Viral Thread, the 3-year-old social channel that aims to bring people “the most popular stories on the web,” has a problem: Going viral has lost some of its appeal.

With help from clickbait headlines and fake news, “virality” — once coveted by brands and publishers grappling with social media — now has the negative connotation of low-quality, forgettable content. As a result, Viral Thread is rebranding on Aug. 9 to VT and shifting its focus to producing more original videos.

“Brands want to align themselves with others that are highly reputable,” said Jamie Bolding, founder of Jungle Creations, the media company behind Viral Thread. “There are billion-dollar companies that don’t get our number of views, but the brand identity is really clear and been built over many years. We understand the value of high-quality, clear brand identity, and we didn’t think it was possible with the name Viral Thread.”

Jungle Creations runs 10 channels across food and lifestyle, the most popular of which is Viral Thread. Viral Thread — which got 2.6 billion video views in June, according to Tubular Labs — typically publishes videos like a game of basketball Connect Four or a “mesmerizing” time lapse of someone painting a 3-D goldfish. Facebook is awash with this type of content from many publishers.

“When you have such a big audience, you have a responsibility to open up about who you are as a company, rather than this voiceless brand,” said Bolding. “We’re taking ownership of who we are and what we produce; it will be more stressful, and there will be more heat.”

Each day, Viral Thread publishes between 15 and 25 videos, 40 percent of which are original and the rest submitted or licensed from content agencies and other aggregators. It hopes to flip this to 75 percent original content, like weekly mini-documentaries on social issues. It will likely spend a period of three months focusing on topics like mental health or the environment and has hired a head of purpose to oversee this.

“The main shift is having an added edge of responsibility and maturity, like when a teenager becomes more aware of their surroundings,” said Bolding.

Globally, Viral Thread is increasing its video team from six to nearly 20 and its text editorial team from 10 to 18. The company, which has an average employee age of 25, has also hired a string of senior executives: Its New York office, which opened two months ago and now contains 8 people, has recently hired executives from Time Inc. and CBS. The London office has 100 employees, and in October, Viral Thread plans to open an eight-person office in Los Angeles, so the company can publish content 24 hours a day. The global head count last year was closer to 40.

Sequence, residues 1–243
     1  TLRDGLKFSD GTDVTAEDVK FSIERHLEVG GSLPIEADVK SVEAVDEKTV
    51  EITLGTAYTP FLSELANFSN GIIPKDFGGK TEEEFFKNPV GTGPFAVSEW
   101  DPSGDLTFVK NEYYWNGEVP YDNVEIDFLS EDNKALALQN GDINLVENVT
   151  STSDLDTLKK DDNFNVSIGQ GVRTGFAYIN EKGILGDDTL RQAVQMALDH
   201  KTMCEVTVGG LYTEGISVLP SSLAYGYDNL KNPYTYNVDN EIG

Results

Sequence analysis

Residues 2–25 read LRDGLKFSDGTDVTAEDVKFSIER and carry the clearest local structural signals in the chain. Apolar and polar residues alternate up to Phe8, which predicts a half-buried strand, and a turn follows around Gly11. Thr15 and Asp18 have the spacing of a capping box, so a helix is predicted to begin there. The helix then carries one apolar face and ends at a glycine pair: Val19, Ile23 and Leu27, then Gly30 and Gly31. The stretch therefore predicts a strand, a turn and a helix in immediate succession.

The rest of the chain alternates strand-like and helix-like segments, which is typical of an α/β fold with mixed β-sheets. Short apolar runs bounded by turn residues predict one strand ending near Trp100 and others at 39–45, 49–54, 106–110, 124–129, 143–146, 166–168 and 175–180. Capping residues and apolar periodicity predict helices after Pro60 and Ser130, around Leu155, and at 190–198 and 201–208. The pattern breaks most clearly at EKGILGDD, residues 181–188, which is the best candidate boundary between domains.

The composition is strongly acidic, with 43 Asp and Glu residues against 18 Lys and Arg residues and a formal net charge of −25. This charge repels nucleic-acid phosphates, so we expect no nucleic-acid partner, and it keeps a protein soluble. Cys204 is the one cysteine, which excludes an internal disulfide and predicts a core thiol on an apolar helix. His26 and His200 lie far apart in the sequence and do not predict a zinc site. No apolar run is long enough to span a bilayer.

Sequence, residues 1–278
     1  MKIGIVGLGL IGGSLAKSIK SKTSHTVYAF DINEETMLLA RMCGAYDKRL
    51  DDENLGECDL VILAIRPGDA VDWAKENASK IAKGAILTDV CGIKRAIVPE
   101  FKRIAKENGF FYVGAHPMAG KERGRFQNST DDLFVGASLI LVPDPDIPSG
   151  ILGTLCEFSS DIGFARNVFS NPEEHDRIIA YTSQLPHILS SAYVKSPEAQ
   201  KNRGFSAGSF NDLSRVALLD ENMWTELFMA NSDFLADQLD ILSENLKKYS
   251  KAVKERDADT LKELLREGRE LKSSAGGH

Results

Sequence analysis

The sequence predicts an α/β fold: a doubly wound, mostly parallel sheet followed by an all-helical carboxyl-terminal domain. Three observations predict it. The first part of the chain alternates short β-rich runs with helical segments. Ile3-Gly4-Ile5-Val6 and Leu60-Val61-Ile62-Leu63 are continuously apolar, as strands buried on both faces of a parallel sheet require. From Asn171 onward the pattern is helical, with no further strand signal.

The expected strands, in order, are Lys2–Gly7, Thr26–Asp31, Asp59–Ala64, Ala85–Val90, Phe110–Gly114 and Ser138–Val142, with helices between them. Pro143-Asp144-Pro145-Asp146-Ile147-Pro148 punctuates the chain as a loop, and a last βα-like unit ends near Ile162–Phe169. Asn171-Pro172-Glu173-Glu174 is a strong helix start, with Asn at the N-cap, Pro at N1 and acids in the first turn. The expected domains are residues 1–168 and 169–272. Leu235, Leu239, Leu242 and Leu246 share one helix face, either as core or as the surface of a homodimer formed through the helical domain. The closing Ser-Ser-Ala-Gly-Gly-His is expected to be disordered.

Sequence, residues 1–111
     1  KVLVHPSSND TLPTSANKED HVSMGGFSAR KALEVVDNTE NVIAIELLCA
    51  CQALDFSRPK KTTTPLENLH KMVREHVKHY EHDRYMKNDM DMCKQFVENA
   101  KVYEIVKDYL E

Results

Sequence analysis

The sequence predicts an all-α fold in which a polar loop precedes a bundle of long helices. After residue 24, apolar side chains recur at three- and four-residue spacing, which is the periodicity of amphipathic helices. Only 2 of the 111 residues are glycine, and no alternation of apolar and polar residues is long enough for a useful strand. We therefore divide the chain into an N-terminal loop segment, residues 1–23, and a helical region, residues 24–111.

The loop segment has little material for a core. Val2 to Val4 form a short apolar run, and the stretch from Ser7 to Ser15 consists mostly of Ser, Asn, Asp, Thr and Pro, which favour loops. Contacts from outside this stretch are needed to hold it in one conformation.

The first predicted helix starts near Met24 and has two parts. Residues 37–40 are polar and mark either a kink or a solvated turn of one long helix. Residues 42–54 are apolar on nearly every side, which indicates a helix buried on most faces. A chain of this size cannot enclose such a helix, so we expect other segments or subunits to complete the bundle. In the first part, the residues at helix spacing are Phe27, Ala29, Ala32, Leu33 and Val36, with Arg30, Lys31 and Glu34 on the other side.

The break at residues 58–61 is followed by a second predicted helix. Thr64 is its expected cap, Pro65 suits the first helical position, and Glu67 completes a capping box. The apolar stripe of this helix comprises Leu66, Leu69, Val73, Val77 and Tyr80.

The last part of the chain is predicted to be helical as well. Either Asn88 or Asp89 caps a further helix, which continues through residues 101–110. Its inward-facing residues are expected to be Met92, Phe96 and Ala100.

Last year, Bolding said Jungle Creations made nearly £9 million ($11.9 million) in revenue, a reasonable jump from previous year’s £2.5 million ($3.3 million). This month, 60 percent of revenue came from branded content (up from about 20 percent last year), 15 percent came from display advertising on its site, and 25 percent came from Facebook.

For the last five weeks, Viral Thread has monetized 10 percent of its original video through Facebook’s mid-roll program. Bolding said for every 1 million views, it can earn between £150 ($200) and £755 ($1,000). Facebook’s count of three seconds for a view doesn’t give a clear indication of who watched past the ad, which is placed after the video has played for at least 20 seconds.

Viral Thread is seeing the revenue gradually grow as it figures out the best ways to get people to stick around past the ads. One video that performed well is one about a teacher who used a jar to teach students a lesson about life. This is the first month Viral Thread’s revenue from Facebook (it was part of the platform’s Suggested Videos program) has overtaken revenue from display ads. Previously, 30 percent of its revenue came from on-site display ads, and 10 percent came from Facebook, Bolding estimates.

Viral Thread is scoring more repeat booking from clients running branded-content campaigns: It will soon start its fourth campaign with Mondelēz-owned Oreo. Other household names like BaByliss and Unilever are also clients, while previous branded-content campaigns have featured slightly obscure products like inflatable bike helmets and beer pong cups.

Bolding admits proving its value to brands and agencies as a partner has been a challenge. “We didn’t take funding; we don’t have a connected chairman or advisers who can get us into those more structured doors,” he said. “How we fit into that structure is a tough one.”

Image: courtesy of Jungle Creations.

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